The use of the polymerase chain reaction (PCR) to identify pathogens from blood cultures of patients with device-associated infections has been evaluated. Shachor- Meyouhas et al. (2013) report an evaluation of 70 patients with central venous catheters to determine PCR efficacy in identifying bacteria in blood samples. This study found that the sensitivity of PCR is low (46%); however, the specificity of PCR is significantly higher (98%) than the specificity of culture or immunology-based methods. PCR has the advantage of providing a rapid diagnosis, an important benefit due to the increasing incidence of antibiotic resistance, and need for prompt and appropriate treatment with wide-spectrum antibiotics for the affected patients.
As reported in 2015, another study collected blood samples from patients with signs of sepsis and performed multiplex PCR and microarray assays to evaluate their clinical utility (Ljungstrom et al., 2015). Multiplex PCR allows simultaneous detection of multiple targets by amplifying genomic segments of different infectious agents, including viruses (Edwards and Gibbs, 1994; Elnifro et al., 2000). An advantage of this method is that it allows the detection of organisms that could be missed by culture methods.
In the study reported by Ljungstrom et al. (2015), microarray assays showed a sensitivity of 62% and a specificity of 99% in addition to high degree of agreement to culture method results. Previous studies using microarrays for rapid identification of bacterial organisms show similar results (Tissari et al., 2010). However, this methodology appears not to be clinically relevant for testing since the time to obtain results is as long as the time required for culture results (about 2 days). Other molecular techniques that could be applied for the identification of bacteria involved in medical device infections include denaturing gel electrophoresis, terminal restriction fragment length polymorphism (TRFLP), single-strand conformation polymorphism and DNA sequencing (Xi, 2014). Although these techniques might not be relevant for routine clinical use, they represent tools to provide information for clinical prevention. Song et al. (2013) have utilized denatured gradient gel electrophoresis to study the bacterial diversity of biofilms on endotracheal tubes removed from neonates to obtain information for clinical prevention, diagnosis and treatment of bacterial infections. The denatured gradient gel electrophoresis profiling of 16S rDNA gene amplicons from 35 endotracheal tubes were used to estimate the diversity of the bacteria attached to the tubes. Cloning and sequencing was used to identify and determine the distribution of bacteria. Interestingly, dominant bands showed that 35 samples contained Klebsiella spp., 28 samples carried Pseudomonas spp., 27 samples had Streptococcus spp., and 32 samples had uncultured bacteria (Song et al., 2013). Undeniably, this confirms that nucleic acid- based methods could provide more specific and comprehensive information regarding bacteria attached on medical devices when compared to culture methods.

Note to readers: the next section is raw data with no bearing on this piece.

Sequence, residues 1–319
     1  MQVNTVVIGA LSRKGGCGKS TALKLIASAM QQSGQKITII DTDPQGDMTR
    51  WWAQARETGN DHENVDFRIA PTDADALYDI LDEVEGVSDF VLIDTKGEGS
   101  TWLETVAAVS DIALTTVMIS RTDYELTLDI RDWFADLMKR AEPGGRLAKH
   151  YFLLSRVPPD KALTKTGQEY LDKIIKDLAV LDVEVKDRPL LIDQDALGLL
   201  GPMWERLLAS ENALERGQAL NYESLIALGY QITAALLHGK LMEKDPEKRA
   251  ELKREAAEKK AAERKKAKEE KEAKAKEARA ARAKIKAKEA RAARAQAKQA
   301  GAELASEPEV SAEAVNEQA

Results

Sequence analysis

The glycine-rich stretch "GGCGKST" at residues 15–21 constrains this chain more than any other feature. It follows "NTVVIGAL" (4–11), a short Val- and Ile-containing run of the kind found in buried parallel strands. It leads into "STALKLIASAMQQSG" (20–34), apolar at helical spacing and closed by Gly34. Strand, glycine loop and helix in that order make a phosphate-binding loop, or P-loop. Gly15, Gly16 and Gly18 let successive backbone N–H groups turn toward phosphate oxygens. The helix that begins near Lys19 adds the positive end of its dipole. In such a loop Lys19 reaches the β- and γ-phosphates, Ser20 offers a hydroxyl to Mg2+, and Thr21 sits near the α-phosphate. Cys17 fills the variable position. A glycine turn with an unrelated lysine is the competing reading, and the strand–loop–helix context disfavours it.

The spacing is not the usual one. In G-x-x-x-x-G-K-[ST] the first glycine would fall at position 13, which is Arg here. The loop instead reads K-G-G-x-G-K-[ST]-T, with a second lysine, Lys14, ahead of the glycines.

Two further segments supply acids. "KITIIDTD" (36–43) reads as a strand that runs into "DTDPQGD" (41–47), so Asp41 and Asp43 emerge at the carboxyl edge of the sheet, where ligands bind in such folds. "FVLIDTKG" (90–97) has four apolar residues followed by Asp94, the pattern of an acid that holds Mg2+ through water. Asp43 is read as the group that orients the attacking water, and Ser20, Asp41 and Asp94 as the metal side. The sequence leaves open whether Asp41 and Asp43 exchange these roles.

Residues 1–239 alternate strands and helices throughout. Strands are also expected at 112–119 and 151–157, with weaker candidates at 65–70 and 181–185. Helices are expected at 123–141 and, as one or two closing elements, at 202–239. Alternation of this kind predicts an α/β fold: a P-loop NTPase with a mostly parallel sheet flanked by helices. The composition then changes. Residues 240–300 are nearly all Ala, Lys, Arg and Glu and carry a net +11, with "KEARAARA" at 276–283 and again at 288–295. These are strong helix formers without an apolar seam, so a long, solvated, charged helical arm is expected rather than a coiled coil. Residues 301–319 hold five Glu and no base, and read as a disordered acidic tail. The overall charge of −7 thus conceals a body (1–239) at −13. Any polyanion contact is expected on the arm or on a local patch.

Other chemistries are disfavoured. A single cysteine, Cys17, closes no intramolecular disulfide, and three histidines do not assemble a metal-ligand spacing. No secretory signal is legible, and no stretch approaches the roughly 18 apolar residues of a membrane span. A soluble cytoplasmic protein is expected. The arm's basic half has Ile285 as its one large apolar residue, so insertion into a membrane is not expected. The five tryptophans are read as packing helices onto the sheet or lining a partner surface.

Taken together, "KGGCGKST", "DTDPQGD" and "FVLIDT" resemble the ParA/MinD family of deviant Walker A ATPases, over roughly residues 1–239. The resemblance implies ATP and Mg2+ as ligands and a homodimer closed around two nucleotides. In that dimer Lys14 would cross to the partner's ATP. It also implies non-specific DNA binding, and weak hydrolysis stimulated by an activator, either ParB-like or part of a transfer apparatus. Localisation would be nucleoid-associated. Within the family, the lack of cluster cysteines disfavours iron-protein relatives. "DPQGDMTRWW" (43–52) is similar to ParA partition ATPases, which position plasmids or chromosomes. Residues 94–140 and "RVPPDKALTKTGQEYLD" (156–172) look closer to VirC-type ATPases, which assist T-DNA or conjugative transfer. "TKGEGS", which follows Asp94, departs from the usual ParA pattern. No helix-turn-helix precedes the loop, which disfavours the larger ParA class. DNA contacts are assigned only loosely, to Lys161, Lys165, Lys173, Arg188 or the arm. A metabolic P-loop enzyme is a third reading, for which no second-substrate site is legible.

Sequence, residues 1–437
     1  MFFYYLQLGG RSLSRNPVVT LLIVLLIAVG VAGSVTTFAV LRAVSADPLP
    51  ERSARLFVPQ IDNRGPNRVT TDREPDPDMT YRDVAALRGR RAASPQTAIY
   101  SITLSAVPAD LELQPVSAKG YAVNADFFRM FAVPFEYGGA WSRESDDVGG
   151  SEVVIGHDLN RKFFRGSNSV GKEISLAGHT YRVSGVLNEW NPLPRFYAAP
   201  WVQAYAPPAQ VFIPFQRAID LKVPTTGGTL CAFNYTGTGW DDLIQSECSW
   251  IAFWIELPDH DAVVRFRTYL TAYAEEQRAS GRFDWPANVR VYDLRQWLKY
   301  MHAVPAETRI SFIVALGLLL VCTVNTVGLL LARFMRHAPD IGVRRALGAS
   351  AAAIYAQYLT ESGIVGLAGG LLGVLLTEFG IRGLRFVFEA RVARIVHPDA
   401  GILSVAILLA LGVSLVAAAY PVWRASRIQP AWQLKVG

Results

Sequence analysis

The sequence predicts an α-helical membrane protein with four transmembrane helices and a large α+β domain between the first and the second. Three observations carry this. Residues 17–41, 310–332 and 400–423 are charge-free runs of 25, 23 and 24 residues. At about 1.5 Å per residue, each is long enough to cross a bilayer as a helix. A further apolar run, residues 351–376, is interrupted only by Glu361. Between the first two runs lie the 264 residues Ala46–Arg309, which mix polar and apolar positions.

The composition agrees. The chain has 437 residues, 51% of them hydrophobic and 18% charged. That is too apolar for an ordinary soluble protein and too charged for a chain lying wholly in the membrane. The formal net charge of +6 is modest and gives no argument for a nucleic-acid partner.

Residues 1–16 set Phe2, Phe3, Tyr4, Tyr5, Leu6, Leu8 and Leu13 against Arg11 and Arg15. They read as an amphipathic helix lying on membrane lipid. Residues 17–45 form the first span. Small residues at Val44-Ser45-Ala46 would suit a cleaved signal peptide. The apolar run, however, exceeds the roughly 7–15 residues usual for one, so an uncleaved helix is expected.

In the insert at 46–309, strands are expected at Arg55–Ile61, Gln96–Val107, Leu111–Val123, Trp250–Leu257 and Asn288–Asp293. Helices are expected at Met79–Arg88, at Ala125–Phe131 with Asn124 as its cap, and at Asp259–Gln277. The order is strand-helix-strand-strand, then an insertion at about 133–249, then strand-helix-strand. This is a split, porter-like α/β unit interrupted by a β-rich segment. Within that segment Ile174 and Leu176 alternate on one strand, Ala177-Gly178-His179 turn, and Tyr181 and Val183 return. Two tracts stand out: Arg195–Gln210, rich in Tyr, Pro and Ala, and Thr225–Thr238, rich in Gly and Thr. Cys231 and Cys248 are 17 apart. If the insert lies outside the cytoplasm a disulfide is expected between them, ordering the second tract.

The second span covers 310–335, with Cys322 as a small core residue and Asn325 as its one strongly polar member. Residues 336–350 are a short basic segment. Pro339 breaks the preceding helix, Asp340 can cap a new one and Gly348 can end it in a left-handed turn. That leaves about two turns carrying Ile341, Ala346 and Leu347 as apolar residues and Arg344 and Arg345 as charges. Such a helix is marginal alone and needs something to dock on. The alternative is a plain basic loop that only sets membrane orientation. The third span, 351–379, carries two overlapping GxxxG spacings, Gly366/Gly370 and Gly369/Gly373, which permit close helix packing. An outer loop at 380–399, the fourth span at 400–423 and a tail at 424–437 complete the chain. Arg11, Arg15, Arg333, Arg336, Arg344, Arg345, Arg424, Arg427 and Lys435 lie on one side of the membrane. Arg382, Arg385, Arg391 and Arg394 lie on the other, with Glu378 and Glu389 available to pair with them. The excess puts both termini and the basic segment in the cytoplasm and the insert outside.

Another study, aimed at characterizing the dynamics of indwelling urinary catheter colonization from eight patients, used TRFLP to profile microbial communities based on their DNA content (Liu et al., 1997).
Nucleic acid-based methods possess high specificity for detection that could represent a downside as some of the findings could have unknown significance and lead to mismatched clinical diagnoses. In addition to poor sensitivity, molecular techniques do not differentiate live from dead cells and can be inhibited by the biological components of the biofilm matrices (Xi, 2014).
The combination of culture, microscopic and molecular methods offers an advantageous alternative for the diagnosis of device-related infections. Sonication of infected devices to enhance culture positivity can be supplemented with PCR and fluorescence in situ hybridization (Percival et al., 2015).